the Spring of 1953 saw a major change for the GABC as it purchased most of the Montour routes as Montour was closing down operations. The GABC then sold its original line that duplicated the Poskin line to Poskin on July 1, 1954. There was no direct link between the acquired routes and the existing GABC service so there was much deadheading between the Burgettstown garage former Montour routes. This gap was filled in October of 1953 when approval was given for a line between Burgettstown and the Washington County line on US Rt 22. The GABC then extended service from Imperial to Burgettstown.

Also in October of 1953, the GABC purchased a former Montour route from Moorhead Motor Coach Lines. Moorhead's only line ran from Pittsburgh to Moon Run and was acquired from Montour by Moorhead on March 30, 1953. To serve this line, the GABC stored a few buses at a gas station in Moon Run. The GABC sold the local Carnegie routes and the Campbell Run Road route to Leonard J. Bruno on August 23, 1954. The PUC approved an express route for the GABC via the Penn-Lincoln Parkway via the West End to Pittsburgh in 1954 as well.

No more major changes to service occurred between 1954 and 1958 which was when Gradison began to modernize its fleet with second hand GM Old Looks and Parlor coaches. 1959 saw modifications to the routes to utilize the new Fort Pitt Bridge and later in 1960 to utilize the new Fort Pitt Tunnels.

The GABC was ineligible for PAT takeover as more than 80% of its business was generated out of Allegheny County. The majority of its business was through charter work as well as the subsidized Washington-Aliquippa line. The service area of the GABC in Allegheny County consisted of lightly populated areas along its routes.

During the 1960's, population was increasing in the Allegheny County portions of the service area and the politicians of the GABC service area demanded better service or that PAT take over the routes. PAT did a study which it gave to the GABC. The result was that lightly patronized trips were eliminated but no true service improvements resulted from the study.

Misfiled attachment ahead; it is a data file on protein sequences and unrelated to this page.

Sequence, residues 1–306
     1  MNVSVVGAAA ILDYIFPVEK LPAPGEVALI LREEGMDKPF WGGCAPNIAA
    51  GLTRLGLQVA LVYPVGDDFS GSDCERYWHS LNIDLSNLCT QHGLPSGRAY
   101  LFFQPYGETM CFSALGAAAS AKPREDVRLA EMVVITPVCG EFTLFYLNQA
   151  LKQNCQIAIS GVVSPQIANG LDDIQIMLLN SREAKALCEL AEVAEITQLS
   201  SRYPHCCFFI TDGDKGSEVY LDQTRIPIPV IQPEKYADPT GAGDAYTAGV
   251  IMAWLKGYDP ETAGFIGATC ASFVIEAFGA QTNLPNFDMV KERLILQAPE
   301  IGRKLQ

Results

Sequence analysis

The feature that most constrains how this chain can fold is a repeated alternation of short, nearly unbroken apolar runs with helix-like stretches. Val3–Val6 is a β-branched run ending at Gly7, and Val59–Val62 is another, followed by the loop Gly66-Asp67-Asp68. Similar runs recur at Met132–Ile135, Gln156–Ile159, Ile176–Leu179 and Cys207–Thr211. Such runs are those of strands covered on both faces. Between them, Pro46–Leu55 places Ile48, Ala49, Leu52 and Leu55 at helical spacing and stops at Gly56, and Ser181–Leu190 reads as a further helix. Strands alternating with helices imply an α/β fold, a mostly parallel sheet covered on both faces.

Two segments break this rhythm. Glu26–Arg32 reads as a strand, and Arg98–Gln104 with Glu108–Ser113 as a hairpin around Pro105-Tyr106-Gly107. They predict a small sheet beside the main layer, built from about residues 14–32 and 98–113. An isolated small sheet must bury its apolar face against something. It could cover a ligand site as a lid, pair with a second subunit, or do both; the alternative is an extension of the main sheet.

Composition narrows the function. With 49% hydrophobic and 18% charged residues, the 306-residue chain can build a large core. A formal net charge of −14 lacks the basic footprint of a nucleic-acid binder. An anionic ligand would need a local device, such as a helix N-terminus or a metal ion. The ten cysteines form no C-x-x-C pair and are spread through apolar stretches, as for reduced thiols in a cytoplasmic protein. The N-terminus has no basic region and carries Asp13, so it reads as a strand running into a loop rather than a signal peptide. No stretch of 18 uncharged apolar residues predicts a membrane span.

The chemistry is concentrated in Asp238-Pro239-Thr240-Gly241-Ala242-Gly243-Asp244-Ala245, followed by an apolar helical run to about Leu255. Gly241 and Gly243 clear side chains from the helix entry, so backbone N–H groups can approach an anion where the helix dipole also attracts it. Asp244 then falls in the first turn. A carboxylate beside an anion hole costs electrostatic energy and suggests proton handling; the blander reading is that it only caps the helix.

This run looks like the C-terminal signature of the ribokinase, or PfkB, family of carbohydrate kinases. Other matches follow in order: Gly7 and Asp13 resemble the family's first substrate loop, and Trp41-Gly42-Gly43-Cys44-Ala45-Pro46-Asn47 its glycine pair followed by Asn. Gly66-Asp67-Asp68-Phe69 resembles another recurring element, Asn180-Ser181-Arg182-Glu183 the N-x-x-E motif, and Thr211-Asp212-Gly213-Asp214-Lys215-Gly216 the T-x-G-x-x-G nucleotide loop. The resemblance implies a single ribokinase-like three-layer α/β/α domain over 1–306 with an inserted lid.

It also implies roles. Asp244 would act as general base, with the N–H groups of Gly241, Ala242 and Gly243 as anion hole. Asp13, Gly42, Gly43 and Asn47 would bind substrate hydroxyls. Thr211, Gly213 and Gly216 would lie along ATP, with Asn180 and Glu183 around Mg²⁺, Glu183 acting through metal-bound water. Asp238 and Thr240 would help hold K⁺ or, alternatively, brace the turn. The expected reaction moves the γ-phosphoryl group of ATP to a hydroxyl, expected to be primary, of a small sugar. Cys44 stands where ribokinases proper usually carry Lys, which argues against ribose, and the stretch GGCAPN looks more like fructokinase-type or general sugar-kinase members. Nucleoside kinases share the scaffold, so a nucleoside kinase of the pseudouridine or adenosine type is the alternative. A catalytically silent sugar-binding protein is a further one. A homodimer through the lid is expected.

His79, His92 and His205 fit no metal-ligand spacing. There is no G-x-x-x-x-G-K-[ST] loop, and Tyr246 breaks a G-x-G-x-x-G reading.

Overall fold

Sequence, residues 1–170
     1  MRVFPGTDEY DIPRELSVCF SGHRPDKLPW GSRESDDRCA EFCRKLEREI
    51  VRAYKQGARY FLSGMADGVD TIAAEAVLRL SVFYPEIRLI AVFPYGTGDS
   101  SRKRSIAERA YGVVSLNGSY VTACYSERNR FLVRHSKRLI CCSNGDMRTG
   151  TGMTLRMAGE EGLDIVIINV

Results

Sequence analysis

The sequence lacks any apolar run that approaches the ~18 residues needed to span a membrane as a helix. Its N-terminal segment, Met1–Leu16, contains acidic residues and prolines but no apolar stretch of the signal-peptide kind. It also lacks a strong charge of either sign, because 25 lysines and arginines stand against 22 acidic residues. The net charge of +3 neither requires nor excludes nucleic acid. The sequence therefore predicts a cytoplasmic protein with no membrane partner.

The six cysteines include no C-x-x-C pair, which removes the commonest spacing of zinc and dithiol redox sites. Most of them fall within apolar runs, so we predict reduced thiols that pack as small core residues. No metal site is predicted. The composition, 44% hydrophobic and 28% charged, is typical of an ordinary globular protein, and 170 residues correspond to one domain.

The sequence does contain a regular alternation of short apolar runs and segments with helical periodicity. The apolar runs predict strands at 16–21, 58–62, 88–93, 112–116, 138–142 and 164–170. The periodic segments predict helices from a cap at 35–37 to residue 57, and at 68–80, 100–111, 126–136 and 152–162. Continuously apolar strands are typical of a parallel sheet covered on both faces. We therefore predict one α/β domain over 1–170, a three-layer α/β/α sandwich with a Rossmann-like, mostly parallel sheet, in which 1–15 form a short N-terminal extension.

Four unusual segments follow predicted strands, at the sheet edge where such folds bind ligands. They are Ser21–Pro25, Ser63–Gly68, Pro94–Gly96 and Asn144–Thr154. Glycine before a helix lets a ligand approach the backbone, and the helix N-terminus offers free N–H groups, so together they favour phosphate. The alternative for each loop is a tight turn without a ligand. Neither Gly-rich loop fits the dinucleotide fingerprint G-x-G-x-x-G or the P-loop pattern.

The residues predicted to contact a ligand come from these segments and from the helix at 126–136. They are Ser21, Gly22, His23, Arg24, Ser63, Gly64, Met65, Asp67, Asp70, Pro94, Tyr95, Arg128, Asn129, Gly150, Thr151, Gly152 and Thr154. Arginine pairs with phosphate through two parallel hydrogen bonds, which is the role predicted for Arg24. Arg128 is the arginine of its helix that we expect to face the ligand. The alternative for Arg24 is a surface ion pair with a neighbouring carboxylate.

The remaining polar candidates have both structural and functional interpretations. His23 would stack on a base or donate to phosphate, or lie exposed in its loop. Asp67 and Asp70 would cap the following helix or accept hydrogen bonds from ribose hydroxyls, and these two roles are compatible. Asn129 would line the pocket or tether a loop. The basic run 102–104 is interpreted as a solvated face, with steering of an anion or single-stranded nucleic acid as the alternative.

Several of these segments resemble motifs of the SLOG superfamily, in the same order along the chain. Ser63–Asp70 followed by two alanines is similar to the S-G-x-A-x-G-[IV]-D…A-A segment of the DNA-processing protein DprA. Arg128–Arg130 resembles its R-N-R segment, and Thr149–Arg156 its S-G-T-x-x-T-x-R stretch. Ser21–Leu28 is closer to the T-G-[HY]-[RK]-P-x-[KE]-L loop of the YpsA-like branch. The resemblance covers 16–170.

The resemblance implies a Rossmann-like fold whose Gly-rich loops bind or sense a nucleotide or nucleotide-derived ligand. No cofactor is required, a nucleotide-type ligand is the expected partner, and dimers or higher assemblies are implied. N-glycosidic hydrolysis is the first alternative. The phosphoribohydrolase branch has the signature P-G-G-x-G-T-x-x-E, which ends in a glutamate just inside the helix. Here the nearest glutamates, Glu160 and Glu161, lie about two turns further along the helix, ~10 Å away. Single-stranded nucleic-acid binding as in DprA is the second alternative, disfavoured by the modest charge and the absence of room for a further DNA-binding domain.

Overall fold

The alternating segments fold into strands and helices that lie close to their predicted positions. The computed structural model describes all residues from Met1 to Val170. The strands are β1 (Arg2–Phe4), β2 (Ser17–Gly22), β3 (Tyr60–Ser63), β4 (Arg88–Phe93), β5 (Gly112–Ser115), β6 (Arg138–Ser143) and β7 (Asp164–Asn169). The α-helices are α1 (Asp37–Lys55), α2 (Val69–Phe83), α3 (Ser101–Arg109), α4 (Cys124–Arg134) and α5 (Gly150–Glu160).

December of 1969 saw the petition for abandonment filed to the PUC for all routes in the Burgettstown-Pittsburgh service territory as well as a petition to sell off the other routes to Suburban Lines of Washington, PA. Due to the lack of patronage on the GABC routes in Allegheny County during the 1960's, PAT was reluctant to provide new replacement service but agreed to provide trial service in the effected areas. Based on this trial service agreement, the PUC approved the abandonment petition as well as the sale petition.

The last GABC bus ran on Saturday March 28, 1970. PAT placed its replacement routes in service on Monday March 30, 1970 for a 6 month trial. Ridership increases were sufficient enough to warrant PAT making the new routes permanent.

The GABC routes that were sold to Suburban Lines were more profitable than the Allegheny County lines. Suburban Lines continued to operate the Washington-Aliquippa line but it is not known if J&L continued to subsidize the service after the sale. It is also not known, at this time, the disposition of the GABC equipment.

Gradison Auto Bus Company Equipment
Gradison Number Make Model Year
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This page was updated on November 08, 2006